How digital enablement can help reduce cyber crime and fraud

While most business owners understand the risks they face from fraud, whether that be threats from cyber attacks or as we will consider here, internally from white collar crime, a surprising number lack the systems and controls to mitigate these threats. TaxAgility Accountants can help you fight these threats through digital enablement.

digital enablement in accounting helps to reduce fraudFor instance, a report by Symantec, the antivirus software firm, highlights that 43% of cyber attacks target small businesses. Why? Because the fraudsters know that these firms haven’t invested in the security, control systems and processes that they ought to have.

In this article, we’ll look at how the process of digitally enabling your firm can help mitigate a lot of the threats facing your business today.

Fraud isn’t just a problem faced by larger firms

When hearing about the problems faced by large firms caused by fraud, often internal fraud, smaller business owners may not relate to them. Often, owners feel that their firms are unlikely to suffer the same issues, the - “we’re a small fish, why would fraudsters bother with us?” syndrome. What these owners fail to realise is that often, external attacks are not perpetrated by people, but by bots. Only when a bot breaks through, do the real fraudsters get involved. Then they’ll take what they can get.

While the technology challenges of doing business in a digital world expose businesses to online attacks, another threat vector that smaller business owners overlook is the people they employ. Owners may feel that their staff are entirely trustworthy. Many may have been with the firm for years. However, when someone’s circumstances change, whether because they run into personal issues or whether they are being coerced by external forces, a trusted person can often cause more long term damage than a direct external threat, especially if such an event leaks out to customers and suppliers. This is one of the main reasons a large number of such fraud incidents go unreported.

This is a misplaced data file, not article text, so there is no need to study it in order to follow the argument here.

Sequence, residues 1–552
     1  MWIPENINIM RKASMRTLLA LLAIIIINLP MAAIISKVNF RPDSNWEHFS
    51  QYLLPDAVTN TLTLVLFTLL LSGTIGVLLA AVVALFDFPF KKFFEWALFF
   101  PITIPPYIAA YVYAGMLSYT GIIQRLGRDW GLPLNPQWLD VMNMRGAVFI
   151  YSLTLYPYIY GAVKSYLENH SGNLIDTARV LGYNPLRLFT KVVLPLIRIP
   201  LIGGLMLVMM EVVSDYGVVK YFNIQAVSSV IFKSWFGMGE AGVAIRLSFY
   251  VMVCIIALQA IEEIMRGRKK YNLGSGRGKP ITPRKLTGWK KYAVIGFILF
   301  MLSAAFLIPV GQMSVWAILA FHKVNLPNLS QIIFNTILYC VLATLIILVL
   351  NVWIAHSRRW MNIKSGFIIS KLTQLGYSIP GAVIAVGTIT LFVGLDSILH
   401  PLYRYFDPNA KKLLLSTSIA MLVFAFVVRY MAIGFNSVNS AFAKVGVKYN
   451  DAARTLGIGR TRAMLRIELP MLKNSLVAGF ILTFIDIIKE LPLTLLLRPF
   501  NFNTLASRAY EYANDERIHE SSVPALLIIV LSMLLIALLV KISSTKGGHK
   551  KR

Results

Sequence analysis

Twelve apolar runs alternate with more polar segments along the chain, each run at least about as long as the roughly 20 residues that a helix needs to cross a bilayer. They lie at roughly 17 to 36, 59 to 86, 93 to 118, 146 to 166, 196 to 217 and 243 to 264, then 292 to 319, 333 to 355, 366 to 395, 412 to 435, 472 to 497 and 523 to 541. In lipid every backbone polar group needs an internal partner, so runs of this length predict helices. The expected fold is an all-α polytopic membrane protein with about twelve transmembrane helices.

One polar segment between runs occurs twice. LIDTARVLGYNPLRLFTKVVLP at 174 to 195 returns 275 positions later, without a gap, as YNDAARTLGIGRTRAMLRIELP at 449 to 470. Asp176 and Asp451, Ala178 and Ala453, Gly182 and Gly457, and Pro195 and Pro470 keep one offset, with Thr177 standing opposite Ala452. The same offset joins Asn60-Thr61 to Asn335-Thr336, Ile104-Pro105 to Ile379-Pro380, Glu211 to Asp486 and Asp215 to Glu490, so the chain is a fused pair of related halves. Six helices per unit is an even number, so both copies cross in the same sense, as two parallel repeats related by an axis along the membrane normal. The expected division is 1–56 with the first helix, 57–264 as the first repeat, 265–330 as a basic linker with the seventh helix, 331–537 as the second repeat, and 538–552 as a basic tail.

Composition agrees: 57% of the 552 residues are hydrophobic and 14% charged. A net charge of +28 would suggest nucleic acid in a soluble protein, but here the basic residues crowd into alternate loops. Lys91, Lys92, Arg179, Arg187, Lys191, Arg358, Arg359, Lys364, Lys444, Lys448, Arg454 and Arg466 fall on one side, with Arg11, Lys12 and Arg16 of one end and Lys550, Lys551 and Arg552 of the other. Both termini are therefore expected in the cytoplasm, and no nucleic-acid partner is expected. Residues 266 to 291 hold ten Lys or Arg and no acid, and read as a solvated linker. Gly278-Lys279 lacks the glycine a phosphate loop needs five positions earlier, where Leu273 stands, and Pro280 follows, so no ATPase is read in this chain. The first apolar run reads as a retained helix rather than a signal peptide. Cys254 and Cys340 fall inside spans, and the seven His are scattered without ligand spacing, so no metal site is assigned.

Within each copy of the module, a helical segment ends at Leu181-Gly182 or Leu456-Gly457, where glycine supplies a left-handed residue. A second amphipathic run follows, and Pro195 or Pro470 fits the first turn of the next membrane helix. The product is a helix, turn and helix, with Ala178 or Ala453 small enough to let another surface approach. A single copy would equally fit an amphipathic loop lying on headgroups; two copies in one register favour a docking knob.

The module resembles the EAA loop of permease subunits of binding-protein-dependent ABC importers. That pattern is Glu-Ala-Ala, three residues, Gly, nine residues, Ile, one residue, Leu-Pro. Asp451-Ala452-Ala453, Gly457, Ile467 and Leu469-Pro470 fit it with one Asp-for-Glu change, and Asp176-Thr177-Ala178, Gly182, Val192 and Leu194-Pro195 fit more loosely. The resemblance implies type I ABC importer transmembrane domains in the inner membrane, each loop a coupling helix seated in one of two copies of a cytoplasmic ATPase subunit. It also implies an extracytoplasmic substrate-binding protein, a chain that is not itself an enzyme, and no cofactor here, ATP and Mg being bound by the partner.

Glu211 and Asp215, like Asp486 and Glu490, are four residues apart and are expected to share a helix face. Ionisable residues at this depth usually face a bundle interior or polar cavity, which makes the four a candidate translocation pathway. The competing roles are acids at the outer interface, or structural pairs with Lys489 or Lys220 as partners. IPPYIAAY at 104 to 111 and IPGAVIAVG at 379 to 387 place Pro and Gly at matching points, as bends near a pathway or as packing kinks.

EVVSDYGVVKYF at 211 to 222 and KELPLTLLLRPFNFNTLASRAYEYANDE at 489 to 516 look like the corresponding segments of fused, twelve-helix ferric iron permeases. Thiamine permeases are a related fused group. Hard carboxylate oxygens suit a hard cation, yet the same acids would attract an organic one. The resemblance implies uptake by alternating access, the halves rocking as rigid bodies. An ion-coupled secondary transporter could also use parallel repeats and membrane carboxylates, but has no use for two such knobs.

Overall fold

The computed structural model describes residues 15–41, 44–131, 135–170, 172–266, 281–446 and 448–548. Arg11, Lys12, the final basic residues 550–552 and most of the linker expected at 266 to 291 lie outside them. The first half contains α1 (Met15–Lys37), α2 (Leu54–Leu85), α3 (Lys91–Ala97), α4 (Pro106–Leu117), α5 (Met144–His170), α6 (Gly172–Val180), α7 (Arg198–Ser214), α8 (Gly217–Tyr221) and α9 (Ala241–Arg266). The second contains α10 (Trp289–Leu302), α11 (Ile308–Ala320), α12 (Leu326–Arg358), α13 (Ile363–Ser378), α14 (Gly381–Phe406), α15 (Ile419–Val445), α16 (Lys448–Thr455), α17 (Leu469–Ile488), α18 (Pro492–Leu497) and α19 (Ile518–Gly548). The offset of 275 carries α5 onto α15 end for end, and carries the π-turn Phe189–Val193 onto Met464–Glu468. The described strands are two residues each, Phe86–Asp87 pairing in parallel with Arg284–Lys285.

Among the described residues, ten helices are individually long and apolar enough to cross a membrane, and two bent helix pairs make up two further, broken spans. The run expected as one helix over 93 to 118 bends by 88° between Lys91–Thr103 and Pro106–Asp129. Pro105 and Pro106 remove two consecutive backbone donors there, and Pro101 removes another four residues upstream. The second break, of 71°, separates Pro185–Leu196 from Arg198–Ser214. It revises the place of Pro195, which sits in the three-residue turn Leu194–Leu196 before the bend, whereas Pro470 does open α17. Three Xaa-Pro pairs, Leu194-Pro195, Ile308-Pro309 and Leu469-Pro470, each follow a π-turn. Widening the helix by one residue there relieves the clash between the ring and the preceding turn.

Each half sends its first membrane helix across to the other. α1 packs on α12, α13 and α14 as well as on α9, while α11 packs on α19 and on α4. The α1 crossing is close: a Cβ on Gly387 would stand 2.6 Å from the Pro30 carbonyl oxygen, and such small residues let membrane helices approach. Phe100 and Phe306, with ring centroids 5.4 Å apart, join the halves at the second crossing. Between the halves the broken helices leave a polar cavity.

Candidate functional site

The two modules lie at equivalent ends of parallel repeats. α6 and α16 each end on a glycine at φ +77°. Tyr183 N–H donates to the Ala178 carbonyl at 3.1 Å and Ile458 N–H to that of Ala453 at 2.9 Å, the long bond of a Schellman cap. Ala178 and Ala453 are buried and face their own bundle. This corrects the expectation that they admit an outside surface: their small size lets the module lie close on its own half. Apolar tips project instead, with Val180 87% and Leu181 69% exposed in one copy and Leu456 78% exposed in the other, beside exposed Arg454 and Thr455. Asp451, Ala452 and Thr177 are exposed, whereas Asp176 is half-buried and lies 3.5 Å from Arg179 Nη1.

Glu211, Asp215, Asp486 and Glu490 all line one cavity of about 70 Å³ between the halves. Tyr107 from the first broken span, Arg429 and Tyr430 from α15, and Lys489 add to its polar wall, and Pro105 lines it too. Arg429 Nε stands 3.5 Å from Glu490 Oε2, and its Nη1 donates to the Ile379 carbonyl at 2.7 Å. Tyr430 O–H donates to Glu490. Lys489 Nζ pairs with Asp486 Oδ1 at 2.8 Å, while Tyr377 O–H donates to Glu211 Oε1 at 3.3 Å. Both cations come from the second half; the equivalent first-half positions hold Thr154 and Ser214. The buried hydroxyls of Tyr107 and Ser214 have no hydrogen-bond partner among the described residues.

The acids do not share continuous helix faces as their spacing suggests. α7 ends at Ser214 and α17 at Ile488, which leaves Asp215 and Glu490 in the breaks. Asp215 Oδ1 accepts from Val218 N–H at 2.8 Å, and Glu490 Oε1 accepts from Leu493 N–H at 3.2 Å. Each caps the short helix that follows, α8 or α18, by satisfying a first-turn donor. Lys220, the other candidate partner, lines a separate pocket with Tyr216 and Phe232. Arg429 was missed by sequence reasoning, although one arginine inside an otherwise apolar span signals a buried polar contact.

Many factors may drive employees to commit fraud within their employment, also known as white collar crime. The most common scenario is when an employee gets into dire personal financial stress. If the employee is able to manipulate or embezzle small amounts of cash unnoticed, and that eases their pain, they may well be tempted into stealing larger sums. When somebody is under significant financial stress, it becomes easier for them to self justify, even telling themselves that what they are doing is justified and that they will pay it back before anyone notices. Unfortunately, that seldom happens, and the employer eventually finds out. Trust is then eroded, not just with the individual concerned, but suspicion may fall on others which will likely upset harmony in the company.

With threat vectors originating both internal and externally, what can a small to medium sized business do, and what do potential solutions have to do with digital enablement.

The role of digital enablement in reducing fraud

Cynics may suggest that it’s because we are communicating more and our company’s operations have become more complex digitally, that being digital is the problem. There is of course an element of truth to this, as new technologies and automated processes can lead to data exposure, as indeed we’ve seen in the news.